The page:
I am a doctoral student at Cambridge University and recently undertook a summer internship at the Royal Observatory. My internship project studied navigational instruments as cultural artefacts - as objects which illuminate the attitudes and beliefs of those who made, possessed and used them. I was particularly interested in researching the 'characters' of specific instruments, as well as the broader cultural context which surrounded these objects.
I focused on the period 1550-1650, when new instruments, especially for astronomical measurement, were being developed and produced. It was during this period that the concept of an 'art' of navigation became common, in technical literature and wider political and artistic writings. This art came to be understood as a body of knowledge and practice which was discussed and developed in a variety of public media: in technical manuals, in government statutes, and in lectures and teaching, such as at the royal dockyards or the new institution of Gresham College. Navigation also possessed significance beyond its technical application: according to one navigator, John Davis, it was 'the meane whereby Countryes are discovered, and communitie drawne between Nation and Nation, [and] the word of God published'.
Within the maritime community, navigational instruments functioned as status symbols, because of the connection between the ability to navigate and authority onboard ship. Competent navigation was part of the cultural stereotype of the 'painfull [i.e. skilful] sea-man', who took pains to carry out all his duties correctly, and governed both himself and his crew with moderation. Such was the prevalence of this stereotype that some writers complained of shipmasters who possessed navigational instruments in order to exercise authority, but who did not actually know how to use these instruments. The status of instruments is also suggested by the depiction of navigators in fine, expensive clothes, a good example being Hendrick van der Borcht's A navigator with globe and dividers (BHC 3132).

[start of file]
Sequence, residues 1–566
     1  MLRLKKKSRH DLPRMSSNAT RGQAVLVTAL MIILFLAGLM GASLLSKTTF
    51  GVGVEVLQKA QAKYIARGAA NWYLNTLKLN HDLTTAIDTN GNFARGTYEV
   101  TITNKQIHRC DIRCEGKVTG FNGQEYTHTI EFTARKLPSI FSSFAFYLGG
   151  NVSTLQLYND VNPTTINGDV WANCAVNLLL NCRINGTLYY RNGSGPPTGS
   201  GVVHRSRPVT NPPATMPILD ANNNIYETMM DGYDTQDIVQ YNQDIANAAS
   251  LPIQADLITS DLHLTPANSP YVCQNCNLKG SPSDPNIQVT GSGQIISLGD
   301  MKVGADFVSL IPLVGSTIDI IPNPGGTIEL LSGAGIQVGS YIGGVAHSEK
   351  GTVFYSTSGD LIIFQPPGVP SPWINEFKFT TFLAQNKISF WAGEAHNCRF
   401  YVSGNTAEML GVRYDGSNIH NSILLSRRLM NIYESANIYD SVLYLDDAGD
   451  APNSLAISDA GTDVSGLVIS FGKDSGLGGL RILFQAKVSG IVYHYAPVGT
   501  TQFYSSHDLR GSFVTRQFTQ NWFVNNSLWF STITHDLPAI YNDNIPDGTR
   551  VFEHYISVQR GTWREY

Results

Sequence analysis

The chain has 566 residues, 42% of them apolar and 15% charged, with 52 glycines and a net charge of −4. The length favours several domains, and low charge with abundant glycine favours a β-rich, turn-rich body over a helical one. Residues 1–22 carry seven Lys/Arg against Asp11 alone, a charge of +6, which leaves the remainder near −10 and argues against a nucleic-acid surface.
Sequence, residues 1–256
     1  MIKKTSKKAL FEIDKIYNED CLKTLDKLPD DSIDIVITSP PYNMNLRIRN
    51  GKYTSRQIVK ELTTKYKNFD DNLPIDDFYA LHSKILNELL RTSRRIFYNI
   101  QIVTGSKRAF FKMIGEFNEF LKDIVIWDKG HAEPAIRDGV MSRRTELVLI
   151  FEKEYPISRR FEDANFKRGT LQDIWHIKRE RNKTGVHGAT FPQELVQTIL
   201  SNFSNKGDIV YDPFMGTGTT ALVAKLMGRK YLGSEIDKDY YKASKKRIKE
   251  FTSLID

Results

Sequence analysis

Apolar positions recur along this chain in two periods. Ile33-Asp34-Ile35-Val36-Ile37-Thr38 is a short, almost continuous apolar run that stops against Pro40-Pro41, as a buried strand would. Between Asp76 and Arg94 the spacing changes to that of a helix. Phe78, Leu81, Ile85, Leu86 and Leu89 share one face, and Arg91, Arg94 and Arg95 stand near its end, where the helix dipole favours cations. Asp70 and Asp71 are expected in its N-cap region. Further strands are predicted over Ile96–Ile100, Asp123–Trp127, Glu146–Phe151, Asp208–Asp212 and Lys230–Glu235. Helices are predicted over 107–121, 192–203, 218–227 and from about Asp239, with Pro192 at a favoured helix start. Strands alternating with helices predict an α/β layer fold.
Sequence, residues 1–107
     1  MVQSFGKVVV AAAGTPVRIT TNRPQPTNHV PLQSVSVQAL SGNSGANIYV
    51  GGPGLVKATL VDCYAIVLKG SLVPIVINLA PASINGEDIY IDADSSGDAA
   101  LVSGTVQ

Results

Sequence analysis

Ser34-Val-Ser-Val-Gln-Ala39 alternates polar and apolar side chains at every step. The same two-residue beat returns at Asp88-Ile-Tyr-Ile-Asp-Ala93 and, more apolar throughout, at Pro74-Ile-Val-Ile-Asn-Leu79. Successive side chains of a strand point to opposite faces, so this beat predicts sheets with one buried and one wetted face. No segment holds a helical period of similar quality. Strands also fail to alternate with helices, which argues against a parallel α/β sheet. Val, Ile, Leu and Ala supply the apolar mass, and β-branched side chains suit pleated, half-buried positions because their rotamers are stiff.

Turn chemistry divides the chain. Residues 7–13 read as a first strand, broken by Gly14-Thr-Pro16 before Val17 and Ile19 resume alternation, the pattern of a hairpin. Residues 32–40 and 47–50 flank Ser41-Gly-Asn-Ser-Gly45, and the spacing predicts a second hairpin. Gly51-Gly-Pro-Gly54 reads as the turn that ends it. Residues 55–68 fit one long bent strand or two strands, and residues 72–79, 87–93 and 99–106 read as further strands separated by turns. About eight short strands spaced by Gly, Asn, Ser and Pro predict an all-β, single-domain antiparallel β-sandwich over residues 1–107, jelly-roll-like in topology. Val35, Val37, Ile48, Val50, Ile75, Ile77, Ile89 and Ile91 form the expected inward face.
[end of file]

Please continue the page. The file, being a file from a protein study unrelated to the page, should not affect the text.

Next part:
BHC3132.JPGBHC3132 - Borcht's navigator, 1624
Of the instruments studied, the magnetic compass possessed one of the most intriguing cultural characters. It was often portrayed as the basis of all navigation, and all young seamen were taught to 'say their compass' (to recite the thirty-two points).
B7358.jpgNAV0463 - magnetic compass, circa 1650
Moreover, the magnetism by which the compass functioned was considered to be a miraculous, divinely inspired quality, a heavenly guide granted to navigators. The importance of this instrument was often contrasted with its comparative simplicity and fragility as an object, as in a poetic prayer by gentleman-captain Thomas James:
We have with confidence relied upon
A rustie Wire, toucht with a little stone,
Incompast round with paper, and alasse
To house it harmless, nothing but a glasse.